Real-time water system data can be tracked from borehole wells within remote communities directly to the regional water bureaus. Photo credit: Michael Blair

Sensor Monitoring Keeps the Water Flowing in Ethiopia's Lowlands

In the harsh, arid lowlands of Ethiopia, USAID is working with the government to accelerate progress on its One WASH National Program to increase access to basic water services to 83 percent of its population. In the mostly pastoral communities where the USAID Lowland WASH Activity is based, water sources are few and far between, and even when available, those sources may not be functioning or dispensing safe water. In two of the activity’s three focal regions, Afar and Somali, mechanized boreholes serve as the predominant water schemes. These motorized water points benefit large numbers of communities, so a system failure affects a lot of people.

This is where Lowland WASH’s innovative approach to water system functionality comes into play. With the help of private-sector partner SweetSense, 107 sensors have been installed so far in Afar region of the lowlands to conduct real-time data monitoring of each water scheme’s operations. These sensors transmit a daily data flow signal via cell phone or satellites (in the case of more remote settings) to a central cloud-based remote dashboard. This system maps where the problems are to help the water bureau plan and prioritize its maintenance responses. Maintenance requests are tracked through a ticket system and tasks assigned to the operations and maintenance department and relevant staff or crew. By the end of 2018, 100 percent of the mechanized water points will be monitored using the unique sensors and tracked using a data visualization platform, which is connected to the regional water bureau’s management information system. “These sensors will help us significantly by improving timeliness of our maintenance responses,” says Ahmed Sultan, deputy head of the Afar Regional Water Bureau.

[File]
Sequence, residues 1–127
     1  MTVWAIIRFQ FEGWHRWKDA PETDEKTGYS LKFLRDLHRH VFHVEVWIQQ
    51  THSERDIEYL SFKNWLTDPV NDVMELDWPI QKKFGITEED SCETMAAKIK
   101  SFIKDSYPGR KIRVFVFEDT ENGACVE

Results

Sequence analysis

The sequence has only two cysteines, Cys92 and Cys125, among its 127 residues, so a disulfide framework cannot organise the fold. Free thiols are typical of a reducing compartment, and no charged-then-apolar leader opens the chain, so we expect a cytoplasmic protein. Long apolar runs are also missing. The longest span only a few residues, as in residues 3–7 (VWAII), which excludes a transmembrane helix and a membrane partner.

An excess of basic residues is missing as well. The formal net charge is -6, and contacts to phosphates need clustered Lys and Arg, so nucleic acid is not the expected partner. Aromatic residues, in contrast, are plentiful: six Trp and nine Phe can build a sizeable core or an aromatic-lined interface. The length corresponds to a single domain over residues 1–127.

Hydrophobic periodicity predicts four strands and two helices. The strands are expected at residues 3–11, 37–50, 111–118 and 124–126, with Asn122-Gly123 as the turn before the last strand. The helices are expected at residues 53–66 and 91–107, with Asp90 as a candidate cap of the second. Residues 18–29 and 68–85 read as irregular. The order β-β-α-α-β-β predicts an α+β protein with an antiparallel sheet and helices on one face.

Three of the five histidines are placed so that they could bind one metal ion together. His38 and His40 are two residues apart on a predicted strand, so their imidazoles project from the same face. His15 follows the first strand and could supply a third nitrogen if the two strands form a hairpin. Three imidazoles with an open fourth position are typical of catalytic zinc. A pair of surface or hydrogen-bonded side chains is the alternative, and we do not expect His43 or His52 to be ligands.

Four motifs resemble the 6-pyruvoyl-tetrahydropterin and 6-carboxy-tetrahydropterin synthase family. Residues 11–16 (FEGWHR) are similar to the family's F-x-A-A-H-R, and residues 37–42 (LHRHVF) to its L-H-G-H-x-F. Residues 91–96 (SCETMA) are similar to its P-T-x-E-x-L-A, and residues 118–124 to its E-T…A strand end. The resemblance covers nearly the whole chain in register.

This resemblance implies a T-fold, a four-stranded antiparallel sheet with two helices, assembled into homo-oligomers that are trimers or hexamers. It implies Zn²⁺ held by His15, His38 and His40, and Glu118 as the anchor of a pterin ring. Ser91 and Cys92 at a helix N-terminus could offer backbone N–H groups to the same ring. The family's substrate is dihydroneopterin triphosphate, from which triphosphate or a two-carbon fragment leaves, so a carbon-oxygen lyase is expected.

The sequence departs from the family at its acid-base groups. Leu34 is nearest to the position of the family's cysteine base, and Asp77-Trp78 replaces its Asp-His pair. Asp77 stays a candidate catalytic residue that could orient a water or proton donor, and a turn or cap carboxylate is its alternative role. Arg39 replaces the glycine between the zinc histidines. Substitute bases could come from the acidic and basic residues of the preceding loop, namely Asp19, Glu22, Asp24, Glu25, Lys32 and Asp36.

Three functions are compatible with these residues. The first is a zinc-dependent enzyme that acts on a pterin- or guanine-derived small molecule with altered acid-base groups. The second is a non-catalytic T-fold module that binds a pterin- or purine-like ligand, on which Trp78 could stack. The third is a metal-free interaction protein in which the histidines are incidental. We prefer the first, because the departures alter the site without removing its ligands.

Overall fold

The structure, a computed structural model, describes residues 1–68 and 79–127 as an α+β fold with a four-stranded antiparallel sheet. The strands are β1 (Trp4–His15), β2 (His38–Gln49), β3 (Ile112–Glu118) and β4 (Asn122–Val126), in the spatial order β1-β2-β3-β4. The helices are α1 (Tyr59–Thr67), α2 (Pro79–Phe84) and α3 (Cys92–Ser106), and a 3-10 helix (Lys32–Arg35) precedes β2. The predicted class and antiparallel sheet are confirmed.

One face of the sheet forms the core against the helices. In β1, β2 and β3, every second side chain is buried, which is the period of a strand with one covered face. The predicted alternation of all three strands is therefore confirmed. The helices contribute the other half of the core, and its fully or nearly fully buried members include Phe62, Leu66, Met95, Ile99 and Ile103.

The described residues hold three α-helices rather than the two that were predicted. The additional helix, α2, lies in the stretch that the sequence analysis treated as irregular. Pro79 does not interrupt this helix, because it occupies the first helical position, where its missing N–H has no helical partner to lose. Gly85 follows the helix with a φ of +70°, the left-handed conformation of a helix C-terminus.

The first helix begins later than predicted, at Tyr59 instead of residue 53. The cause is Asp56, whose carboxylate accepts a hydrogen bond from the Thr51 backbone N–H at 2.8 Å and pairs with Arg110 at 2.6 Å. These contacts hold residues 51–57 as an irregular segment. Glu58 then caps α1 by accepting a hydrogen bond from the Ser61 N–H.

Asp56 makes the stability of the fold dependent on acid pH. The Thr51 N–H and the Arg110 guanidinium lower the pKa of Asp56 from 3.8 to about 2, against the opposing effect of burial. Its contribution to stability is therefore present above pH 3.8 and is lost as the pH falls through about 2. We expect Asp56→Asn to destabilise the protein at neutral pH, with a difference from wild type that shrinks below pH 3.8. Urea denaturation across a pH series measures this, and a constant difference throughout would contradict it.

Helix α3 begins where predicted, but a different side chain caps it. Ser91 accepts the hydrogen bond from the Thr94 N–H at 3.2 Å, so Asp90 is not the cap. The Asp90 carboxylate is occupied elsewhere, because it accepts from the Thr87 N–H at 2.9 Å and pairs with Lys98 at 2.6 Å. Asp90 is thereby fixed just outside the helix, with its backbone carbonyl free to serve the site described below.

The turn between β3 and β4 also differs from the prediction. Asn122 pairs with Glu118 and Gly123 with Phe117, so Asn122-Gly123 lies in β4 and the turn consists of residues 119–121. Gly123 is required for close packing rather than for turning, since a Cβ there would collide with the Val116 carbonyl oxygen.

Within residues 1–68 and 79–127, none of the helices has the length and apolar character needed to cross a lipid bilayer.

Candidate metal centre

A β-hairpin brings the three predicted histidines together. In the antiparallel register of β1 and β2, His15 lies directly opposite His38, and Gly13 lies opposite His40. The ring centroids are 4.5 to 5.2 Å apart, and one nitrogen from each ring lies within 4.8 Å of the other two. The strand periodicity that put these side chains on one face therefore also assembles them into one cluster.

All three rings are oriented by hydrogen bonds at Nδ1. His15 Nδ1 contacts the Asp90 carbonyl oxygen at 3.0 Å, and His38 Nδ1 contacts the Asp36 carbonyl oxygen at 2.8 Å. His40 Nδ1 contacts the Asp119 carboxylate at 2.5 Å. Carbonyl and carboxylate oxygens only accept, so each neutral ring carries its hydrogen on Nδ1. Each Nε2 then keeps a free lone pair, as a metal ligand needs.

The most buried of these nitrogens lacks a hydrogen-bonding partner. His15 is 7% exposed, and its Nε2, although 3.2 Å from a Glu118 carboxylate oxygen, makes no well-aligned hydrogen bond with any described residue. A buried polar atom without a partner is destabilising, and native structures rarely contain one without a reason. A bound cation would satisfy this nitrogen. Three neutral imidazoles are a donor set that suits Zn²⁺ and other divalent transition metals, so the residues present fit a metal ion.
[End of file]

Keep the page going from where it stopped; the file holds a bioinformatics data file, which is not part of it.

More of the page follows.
In addition to enabling decision-makers at the regional and district level to improve accountability, the system can serve as a powerful advocacy tool to address additional equipment, manpower, and resource needs. Says Lowland WASH Director Petros Birhane, “Lowland WASH might not be able to address all the gaps from this process, but the findings will be owned by the regional governments and shared with other partners to improve the whole process because the gap is huge.”


Mobile Communities in Ethiopia Seek Fixed Solutions to Their Water and Sanitation Challenges


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